Special guest post from Matt Brinker. Matt is a Ret. FL. Army Guard H-60 driver CW2. He likes sci-fi, all sports, history, science & politics. As Matt puts it, his only labels are: “Catholic, Brinker, American. Love GOD, freedom, and peace.” Matt is from north Florida.
Here is his story about an animal encounter while serving our country while in Iraq.
One day in Iraq, I was flying a routine Baghdad ring-route mission in my UH-60A Blackhawk for Cco 1-244th (Privateers) Florida Army National Guard. Basically transporting military and civilian contractors from base to base in and around Baghdad. Great hours building missions for pilots but boring and worthless missions in our eyes. Even though it’s safer to fly then drive in Iraq. Those IED and ambush attacks on the highways are not very good.
On this summer day in 2008 of about 110-120 degrees, a usual hot day, I’m lead aircraft on this two ship mission and I’m on the controls because I’m a stick hog (I like being and staying on the controls of the Blackhawk). We are at Baghdad International Airport (aka BIAP) with a normal load of passengers and bags ready to takeoff for Washington Pad or the US and International Embassy (aka Saddam Hussein’s house) for our last half of our day.
We are cleared for departure for the 6 min flight to our next stop. We lift off to our airfield altitude of 50 feet or less (most of the time less!) and up to our cruising speed of 110 kts along the runway on the military side of BIAP until we are cleared of the airfield. Once we clear the airfield we turn left heading north and climb to our cruising altitude of 500 feet or less towards our reporting point. We get our “Up” call from our wingman, stating that they are up and in formation, we are a flight of two now. So with that, we call BIAP tower at the reporting point to change frequency to Washington pad while at the same time our wingman is calling Baghdad Radio to inform them of where we are and where we are going. Baghdad radio was just an army information center to maintain air traffic awareness and situation awareness of any enemy contact.
So with all communications done, the aircraft is as quiet as a screaming Blackhawk can be when the call over the radio comes in, “We’re hit!”
At that moment my co-pilot and myself make eye contact, scared as hell. My co-pilot quickly responds, “Say again.” I ask my crew chief and gunner to find our wingman and report. My crew chief reports from the left side, “I have visual… they are slowing down but maintaining altitude… something is wrong.”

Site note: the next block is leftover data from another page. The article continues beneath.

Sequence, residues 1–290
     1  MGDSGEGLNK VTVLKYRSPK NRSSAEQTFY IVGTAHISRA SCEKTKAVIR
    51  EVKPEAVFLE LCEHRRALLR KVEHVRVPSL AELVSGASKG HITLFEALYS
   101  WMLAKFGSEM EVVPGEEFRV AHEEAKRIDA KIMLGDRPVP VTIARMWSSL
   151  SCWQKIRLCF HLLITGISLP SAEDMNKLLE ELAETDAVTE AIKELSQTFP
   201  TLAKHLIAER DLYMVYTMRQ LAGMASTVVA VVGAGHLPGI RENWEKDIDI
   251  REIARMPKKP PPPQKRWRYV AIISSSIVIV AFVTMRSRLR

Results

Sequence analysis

I’m baffled and alarmed. “What? What’s wrong?” At the same time I’m slowing down and making “S”- turn maneuvers. My co-pilot tries contact again and this time we get a response. Wingman responds, “We took on a flock of pigeons. Our number two engine is making a really loud noise”. And it was so loud we could hear it on the radio communication. They continue. “We are turning back to BIAP… can you contact the radios?” We said we will and followed our injured wingman back to BIAP with no further issues.
Once landed and parked, we saw what happen. Al Quaeda “secret air force” was out in numbers and they won. Our wingman hit, our best count, 12 pigeons. At our altitudes and with the gunnery skills of most Iraqi’s people, the bird’s were the most dangerous aspect of our mission. Yet, two pigeons went directly into the number two engine and one in the number one engine. Their crew chief took a shot from one pigeon to the arm and its innards sprayed his face shield. He was one bloody mess.
The chin Bubble on the pilot side (right side) had a softball size hole. With all that, the Blackhawk, with a little cleaning, did a one-time flight back to home base at Balad for maintenance. A 35-45 minute flight normally, that Blackhawk took an hour with a screaming number two engine, but it made it.
Even though we made a joke of it, giving the crew double ace classification and rewards for taking on the “enemy” and coming out alive, the animal life there in Iraq were very dangerous to us in our mission. I went through two deployments and over 500+ combat flight time without a bird strike, but I had to bend that Blackhawk several times to avoid those damn Al Quaeda suicide fighter birds. And we all learn a lesson from this; nature has right-of-way at all times, even in combat. When we weren’t fighting nature in the air, we sure were in the sand. Camel spiders are no fun either! Thankfully I didn’t have to deal with the likes of them. Much.
Matthew S. Brinker CW2 (ret)
Florida Army National Guard
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EDITORS NOTE: A very sincere “Thank You!!” to Matt, and ALL of our servicemen and women at home and abroad, ensuring our safety, freedoms, and the American way! We flat-out could not enjoy the autonomy and liberty that your sacrifices have given us and future American generations to come! We are aware of the enormity of those sacrifices that include family, life, limb, spirit, emotions and the mind even though we don’t necessarily always speak of these things. We appreciate our Armed Forces and are indebted to you!